College Football

Why here? Hawks hope answer becomes clear with continued progress

Wentzville (Mo.) Timberland quarterback Cole Martin is one of the centerpieces of the Quincy University football team's recruiting class. | Photo courtesy St. Louis Post-Dispatch/Randy Kemp
By Herald-Whig
Posted: Feb. 8, 2019 1:45 am Updated: Feb. 8, 2019 1:59 am

QUINCY -- The depth Quincy University football coach Gary Bass and his staff have created didn't change the way they recruited their latest class.

It changes the urgency to play the incoming freshmen right away.

"When guys asked about playing time, I was clear we will play the best player regardless if he's a freshman, sophomore, junior or whatever," Bass said. "But I also know we can develop guys and give them a chance to grow and learn before we throw them out there. That's the depth we've been able to create."

The Hawks signed 49 players this week, meaning they could have as many as 160 players in preseason camp come August. They expect to have more than 100 available during spring practice.

For a program fighting for respectability and victories, those numbers are a good sign players are committed.

"The biggest thing I got asked was, ‘Why here?'" Bass said. "I told them it's really easy to go somewhere that's already built something and be a part of something. It's totally different when you have to go somewhere and be the reason it started. Resoundingly, the one thing the players kept saying was, ‘Coach, I want to be the reason why the program continues going in the right direction.'

"It's guys who believe in what we're doing, how we're doing it and want to be a part of something special."

They will have the chance to help turn things around.

The struggles the past two seasons offensively led to a change in leadership and an emphasis on playmakers in recruiting.

The Hawks loaded up on freshmen stalwarts from the St. Louis and Chicago areas, signing two quarterbacks, five running backs and six wide receivers. The centerpiece of the class is Wentzville (Mo.) Timberland quarterback Chase Martin, who threw for 1,296 yards with 15 touchdowns and nine interceptions.

The 6-foot-6 Martin also rushed for 344 yards and nine touchdowns.

"We wanted a freshman quarterback who we thought could come in here and be a ?phenomenal player," Bass said. "We had some good guys in last year's group that we have plenty of faith in, but as your quarterback goes, so goes your football program.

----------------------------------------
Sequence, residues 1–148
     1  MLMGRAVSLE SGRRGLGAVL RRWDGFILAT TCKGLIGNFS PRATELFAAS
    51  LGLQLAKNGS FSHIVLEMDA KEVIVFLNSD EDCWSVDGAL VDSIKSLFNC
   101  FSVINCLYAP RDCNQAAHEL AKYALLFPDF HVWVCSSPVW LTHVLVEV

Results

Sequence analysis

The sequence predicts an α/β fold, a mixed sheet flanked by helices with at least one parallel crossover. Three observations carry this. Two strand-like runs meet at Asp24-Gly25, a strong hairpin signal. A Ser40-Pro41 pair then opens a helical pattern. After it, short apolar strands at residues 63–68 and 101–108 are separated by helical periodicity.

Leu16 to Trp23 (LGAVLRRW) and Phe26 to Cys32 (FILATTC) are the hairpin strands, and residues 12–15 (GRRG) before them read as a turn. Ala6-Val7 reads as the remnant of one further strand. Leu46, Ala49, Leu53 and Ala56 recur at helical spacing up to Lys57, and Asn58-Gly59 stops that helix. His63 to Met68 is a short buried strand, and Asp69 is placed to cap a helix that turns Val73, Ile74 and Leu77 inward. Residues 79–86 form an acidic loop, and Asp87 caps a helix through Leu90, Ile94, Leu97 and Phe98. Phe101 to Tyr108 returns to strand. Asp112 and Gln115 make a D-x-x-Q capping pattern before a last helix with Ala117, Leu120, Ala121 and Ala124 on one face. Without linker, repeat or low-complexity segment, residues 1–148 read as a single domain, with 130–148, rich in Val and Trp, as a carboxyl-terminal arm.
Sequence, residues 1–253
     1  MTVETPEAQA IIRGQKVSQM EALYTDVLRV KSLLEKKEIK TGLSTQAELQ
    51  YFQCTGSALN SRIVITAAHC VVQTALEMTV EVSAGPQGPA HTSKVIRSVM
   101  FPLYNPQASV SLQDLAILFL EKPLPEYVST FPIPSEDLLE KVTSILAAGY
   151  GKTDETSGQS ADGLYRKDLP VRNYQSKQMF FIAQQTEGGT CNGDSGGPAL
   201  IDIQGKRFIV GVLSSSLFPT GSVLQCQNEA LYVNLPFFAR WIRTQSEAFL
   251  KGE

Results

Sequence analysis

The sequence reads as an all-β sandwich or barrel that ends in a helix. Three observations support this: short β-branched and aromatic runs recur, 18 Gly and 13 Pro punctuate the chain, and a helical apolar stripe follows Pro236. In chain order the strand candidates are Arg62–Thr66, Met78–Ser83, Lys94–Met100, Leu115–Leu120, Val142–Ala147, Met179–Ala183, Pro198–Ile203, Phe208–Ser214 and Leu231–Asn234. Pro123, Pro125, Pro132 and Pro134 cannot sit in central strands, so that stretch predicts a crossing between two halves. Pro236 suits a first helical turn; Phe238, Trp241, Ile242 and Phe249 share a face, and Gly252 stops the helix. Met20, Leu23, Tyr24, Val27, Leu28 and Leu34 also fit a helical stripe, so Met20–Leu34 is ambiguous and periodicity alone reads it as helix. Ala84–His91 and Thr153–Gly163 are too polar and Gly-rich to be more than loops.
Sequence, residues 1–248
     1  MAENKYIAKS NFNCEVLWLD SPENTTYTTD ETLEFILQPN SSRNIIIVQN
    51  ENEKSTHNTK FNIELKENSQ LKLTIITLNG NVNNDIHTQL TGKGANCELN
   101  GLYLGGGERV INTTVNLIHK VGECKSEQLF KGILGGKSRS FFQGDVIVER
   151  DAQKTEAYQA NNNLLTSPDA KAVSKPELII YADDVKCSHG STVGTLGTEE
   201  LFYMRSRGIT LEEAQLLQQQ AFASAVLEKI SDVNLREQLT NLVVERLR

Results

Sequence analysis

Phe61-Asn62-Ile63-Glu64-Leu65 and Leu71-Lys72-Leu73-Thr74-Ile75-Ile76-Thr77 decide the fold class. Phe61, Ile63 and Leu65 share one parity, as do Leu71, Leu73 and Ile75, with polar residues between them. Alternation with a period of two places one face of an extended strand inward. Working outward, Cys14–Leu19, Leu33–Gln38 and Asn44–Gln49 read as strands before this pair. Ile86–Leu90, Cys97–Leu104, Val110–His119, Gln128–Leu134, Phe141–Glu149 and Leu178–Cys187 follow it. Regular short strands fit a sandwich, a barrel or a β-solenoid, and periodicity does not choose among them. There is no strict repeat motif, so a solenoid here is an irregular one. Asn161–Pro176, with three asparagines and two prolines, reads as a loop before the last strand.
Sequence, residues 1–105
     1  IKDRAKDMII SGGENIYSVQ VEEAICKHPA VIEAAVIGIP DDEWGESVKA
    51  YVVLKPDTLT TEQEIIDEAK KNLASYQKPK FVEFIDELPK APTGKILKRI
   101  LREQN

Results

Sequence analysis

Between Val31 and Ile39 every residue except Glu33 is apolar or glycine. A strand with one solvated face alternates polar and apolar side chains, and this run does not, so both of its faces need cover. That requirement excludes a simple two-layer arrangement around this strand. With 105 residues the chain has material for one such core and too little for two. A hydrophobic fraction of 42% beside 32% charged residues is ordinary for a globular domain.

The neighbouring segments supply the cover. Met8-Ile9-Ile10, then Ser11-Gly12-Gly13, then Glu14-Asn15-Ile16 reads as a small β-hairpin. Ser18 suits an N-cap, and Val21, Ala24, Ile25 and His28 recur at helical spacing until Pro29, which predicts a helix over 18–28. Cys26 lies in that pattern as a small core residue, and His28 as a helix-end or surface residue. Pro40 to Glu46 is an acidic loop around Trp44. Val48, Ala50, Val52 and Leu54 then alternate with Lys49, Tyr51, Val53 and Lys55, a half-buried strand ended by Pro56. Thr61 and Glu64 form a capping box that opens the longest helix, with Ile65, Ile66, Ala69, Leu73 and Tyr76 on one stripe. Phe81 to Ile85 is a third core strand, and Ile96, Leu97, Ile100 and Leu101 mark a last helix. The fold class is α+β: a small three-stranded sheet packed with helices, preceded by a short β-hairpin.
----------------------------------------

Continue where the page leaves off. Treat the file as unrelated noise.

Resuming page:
"It would be nice to have guy like Robbie Kelley, who we can put behind some guys for a year or two and can learn and get better and grow so when he has the chance to step in he know exactly what is going on."

Kelley was recruited out of Rochester in 2014, redshirted his first year, played behind Nick Lonergan his second season and enjoyed a breakout sophomore season in his first year as a starter when he threw for 2,701 yards and 23 touchdowns and led the Hawks to a 5-6 record.

Martin isn't the only player the Hawks see with the potential to mature in such a way.

There are several options in the backfield who could emerge as workhorse backs.

Joliet Catholic's Keenan Hailey broke the Hilltoppers' single-season rushing record with 2,637 yards on 318 carries and scored 37 touchdowns as they won the Class 5A state championship. West Aurora's Hezekiah Salter rushed for 1,023 yards and 16 touchdowns last fall and earned honorable mention all-state honors. And Chicago Simeon's DeAngelo Hudson rushed for more than 800 yards and 14 touchdowns.

There will be a new look at wide receiver, too. Four of the six wideouts the Hawks signed are 6-foot-3 or taller, and tight end Hans Wisnewski of Sterling Heights, Mich., is 6-3.

"Big, long guys who can do some really good things for us," Bass said. "They've got length."

It was needed. Undersized at the skill positions last season and racked by injury at running back, the Hawks ranked last in the Great Lakes Valley Conference in scoring offense and seventh among the eight teams in passing offense.